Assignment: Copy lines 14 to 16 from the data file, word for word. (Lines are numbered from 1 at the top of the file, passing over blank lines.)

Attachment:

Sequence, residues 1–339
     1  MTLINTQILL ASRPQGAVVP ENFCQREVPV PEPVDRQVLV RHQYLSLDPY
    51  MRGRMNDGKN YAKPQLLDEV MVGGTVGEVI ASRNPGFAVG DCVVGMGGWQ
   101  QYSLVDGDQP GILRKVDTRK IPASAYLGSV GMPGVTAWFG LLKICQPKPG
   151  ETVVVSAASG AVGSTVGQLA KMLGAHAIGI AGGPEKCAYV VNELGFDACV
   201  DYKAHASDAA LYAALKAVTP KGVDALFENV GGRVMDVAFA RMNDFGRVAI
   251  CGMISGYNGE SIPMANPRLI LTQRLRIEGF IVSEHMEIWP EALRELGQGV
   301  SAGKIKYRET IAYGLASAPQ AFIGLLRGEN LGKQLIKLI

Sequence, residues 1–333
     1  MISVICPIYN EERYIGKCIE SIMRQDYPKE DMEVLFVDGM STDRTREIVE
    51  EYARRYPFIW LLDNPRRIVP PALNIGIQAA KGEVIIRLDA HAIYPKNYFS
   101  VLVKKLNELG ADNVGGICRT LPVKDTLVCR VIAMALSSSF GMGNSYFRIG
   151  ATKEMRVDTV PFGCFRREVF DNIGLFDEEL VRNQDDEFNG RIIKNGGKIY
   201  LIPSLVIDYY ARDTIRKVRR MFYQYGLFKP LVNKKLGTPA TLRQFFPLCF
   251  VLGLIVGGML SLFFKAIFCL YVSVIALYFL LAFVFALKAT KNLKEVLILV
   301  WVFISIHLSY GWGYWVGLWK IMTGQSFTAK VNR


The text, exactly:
   201  LIPSLVIDYY ARDTIRKVRR MFYQYGLFKP LVNKKLGTPA TLRQFFPLCF
   251  VLGLIVGGML SLFFKAIFCL YVSVIALYFL LAFVFALKAT KNLKEVLILV
   301  WVFISIHLSY GWGYWVGLWK IMTGQSFTAK VNR